“Reckless words pierce like a sword,
but the tongue of the wise brings healing.”
―Proverbs 12:18, NIV
No Laughing Matter
“Fatty, fatty, two-by-four, can’t fit through the bathroom door.”
Most of us experienced some degree of harassment as a child. In my generation, being targeted with taunts such as this one, called disparaging names, or butted with cruel jokes was often regarded as “harmless child’s play” or “teasing.” While the perpetrator walked away scot-free, the victim, made a laughing stock, had no other recourse than to shout: “Sticks and stones will break my bones, but words will never hurt me.”
Unkind words do hurt; they leave gaping wounds in one’s soul and inflict profound emotional scars. Children within earshot of verbal malice often perceive the words they hear as truth. Graver still, with enough repetition, the abused victims begin to believe the lies about themselves. Yes, words can cut deeply―even when untrue.
Bullying is a daily occurrence in our culture. About half of today’s teenagers have been victims of physical, verbal or cyber bullying. Bullying is on the upswing in our schools, especially among lower grade girls. According to a 2014 UCLA psychology study, twenty-eight percent of sixth through twelfth graders are the victims of bullying and thirty percent admit to being bullies themselves. Every day, approximately 160,000 teens drop out of school due to this growing epidemic. A more somber finding is that seventy-five percent of school shootings are linked to the prior harassment and bullying of the shooter.
Society often calculates an individual’s worth according to their appearance or accomplishments. We see this play out daily as our culture rewards those who are attractive, well educated, and talented, while others ache for someone to invite them to participate in life. Anyone can be the subject of bullying, but those with developmental disabilities, or those looked on as different are easy prey for tyrants who wish to elevate themselves in the eyes of others.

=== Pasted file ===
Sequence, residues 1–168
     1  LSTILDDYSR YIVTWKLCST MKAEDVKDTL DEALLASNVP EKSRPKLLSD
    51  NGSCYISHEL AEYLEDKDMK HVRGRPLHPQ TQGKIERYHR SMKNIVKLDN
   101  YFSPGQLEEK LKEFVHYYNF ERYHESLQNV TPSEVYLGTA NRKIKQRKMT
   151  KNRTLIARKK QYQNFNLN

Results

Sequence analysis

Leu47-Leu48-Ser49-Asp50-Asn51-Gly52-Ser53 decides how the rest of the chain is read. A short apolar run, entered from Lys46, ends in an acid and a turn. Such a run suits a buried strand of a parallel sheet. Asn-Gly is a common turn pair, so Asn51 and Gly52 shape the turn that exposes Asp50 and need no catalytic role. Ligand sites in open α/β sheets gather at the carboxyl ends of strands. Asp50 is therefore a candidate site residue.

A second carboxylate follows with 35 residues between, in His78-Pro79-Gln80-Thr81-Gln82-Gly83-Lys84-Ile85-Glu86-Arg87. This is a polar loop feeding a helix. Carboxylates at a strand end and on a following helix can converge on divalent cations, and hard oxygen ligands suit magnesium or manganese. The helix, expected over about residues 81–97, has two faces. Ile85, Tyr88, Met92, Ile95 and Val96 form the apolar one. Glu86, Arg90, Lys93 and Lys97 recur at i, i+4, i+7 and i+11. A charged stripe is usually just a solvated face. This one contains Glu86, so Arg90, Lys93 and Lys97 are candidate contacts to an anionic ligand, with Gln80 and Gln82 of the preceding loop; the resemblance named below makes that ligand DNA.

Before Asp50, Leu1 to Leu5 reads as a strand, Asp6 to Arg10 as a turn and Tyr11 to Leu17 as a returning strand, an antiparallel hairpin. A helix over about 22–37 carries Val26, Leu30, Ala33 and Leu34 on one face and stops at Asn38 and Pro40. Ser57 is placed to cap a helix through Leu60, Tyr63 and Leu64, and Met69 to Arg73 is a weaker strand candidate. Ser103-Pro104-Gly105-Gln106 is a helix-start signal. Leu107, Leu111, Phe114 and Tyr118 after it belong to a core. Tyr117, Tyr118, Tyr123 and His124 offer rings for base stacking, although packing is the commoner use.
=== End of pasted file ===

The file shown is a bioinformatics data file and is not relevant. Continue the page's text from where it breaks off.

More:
As the mother of a child with Down syndrome, I have firsthand experience with the heartbreak of children labeled “different” and considered “less than.” I’ve also seen the delight in their eyes when others reach out to include them in activities. Proverbs tells us the tongue holds the power of life and death; we can choose to use our tongues to perpetrate suffering or to administer healing.
We’re all different, and different is good. God created each of us with a unique personality and granted us varying gifts. Those willing to invest themselves in socially challenged individuals will discover their refreshing inner qualities: unconditional love, a desire to please, pride in a job well done, sincere empathy, selflessness, the voice of truth, and unlimited forgiveness.
Let’s celebrate the beauty of our differences and unite with others to accomplish the tasks God sets before us. Even in our diversity, we'll find we’re more alike than different. Because of our differences, we’ll recognize our need for one another, and within our weaknesses, we'll find our need for God.
Now it's your turn. Has your life been enriched by someone with a disability? If so, please share how.
I always welcome your comments.
Day 21: My 500 Words ~ 525words
Challenge: Write about justice